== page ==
If they survive…
David Brin and Gregory Benford were two of the biggest names in SF during the 1980s. Benford had swept the awards for his 1981 novel Timescape and was continuing that streak in the ensuing years, while Brin had arrived triumphantly, winning a shedload of trophies for his second novel, Startide Rising. A collaboration between the two of them should have been spectacular. I mean, both authors blend their styles remarkably well: Brin writes in a smart, enthusiastic manner that highlights the guarded optimism that he feels towards the future, while Benford takes a more serious tone that suits the ominous doom that overlays the expedition.
But, rather like Halley’s Comet in the year this book was published, the reception to this was a bit of a damp squib. The paperback edition I bought in 1987 is filled with superlatives from critics, and nearly every person I’ve met who has read the book has raved about it to some extent. But it was largely ignored on award ballots at the time of publication and, while it sold respectably, it didn’t do as well as the reputations of either author might have suggested it would. It’s a mystery, really.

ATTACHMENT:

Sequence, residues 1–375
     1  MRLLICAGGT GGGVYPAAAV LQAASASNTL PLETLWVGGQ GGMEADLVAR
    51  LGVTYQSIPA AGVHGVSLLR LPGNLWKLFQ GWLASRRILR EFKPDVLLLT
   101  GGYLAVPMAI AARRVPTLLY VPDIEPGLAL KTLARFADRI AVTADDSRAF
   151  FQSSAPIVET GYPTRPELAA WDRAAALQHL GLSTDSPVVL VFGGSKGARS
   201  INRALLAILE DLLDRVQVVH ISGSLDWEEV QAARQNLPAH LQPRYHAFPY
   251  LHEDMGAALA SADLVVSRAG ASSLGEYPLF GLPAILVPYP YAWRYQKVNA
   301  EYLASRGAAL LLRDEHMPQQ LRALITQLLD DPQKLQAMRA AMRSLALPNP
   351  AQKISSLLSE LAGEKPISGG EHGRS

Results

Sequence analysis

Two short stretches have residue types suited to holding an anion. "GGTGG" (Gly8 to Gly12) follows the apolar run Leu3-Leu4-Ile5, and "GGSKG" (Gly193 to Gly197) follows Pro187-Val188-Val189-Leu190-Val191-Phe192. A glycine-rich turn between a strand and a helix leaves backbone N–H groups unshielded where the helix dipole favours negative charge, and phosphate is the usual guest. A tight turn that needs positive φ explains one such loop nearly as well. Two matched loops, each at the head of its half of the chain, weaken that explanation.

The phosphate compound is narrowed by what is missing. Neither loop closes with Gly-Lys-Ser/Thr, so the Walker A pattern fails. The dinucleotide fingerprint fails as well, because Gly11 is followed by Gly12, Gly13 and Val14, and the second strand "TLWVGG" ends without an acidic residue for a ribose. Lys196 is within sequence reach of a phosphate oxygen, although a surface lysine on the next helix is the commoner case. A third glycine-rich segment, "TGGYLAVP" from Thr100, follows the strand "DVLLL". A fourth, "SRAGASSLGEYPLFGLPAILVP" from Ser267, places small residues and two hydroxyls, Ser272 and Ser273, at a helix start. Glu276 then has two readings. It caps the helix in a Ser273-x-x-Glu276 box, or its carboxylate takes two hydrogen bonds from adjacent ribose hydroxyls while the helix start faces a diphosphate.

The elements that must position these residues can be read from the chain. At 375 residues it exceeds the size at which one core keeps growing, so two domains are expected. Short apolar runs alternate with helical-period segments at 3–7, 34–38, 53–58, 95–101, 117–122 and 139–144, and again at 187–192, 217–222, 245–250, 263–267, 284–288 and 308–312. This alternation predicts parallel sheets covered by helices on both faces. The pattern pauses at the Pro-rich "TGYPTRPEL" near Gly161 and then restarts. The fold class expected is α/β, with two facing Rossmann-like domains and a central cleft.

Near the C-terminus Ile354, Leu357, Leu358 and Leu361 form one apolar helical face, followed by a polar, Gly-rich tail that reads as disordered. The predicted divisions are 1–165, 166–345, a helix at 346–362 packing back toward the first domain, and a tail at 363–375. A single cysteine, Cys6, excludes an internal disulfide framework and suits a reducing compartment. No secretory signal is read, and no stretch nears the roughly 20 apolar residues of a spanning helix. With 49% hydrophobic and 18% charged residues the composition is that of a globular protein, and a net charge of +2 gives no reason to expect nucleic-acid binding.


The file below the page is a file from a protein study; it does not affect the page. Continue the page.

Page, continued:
But that doesn’t concern us here.
What does concern us is what is great about it, and why.
When I first read it I hadn’t read anything by either author before (although I fixed that problem pretty quickly) so all I really had to go on were the aforementioned reviews across the first three pages of the book. They were pretty damned impressive, frankly.
I loved it. Not a surprise really, otherwise I wouldn’t be here writing about it 35 years later. The setting was astonishing and vivid, the characters were well-drawn with a whole life full of memories and experiences to draw on, and the story was captivating. The epigraph to the first section of the novel from George Saville sums up the ideals of the book: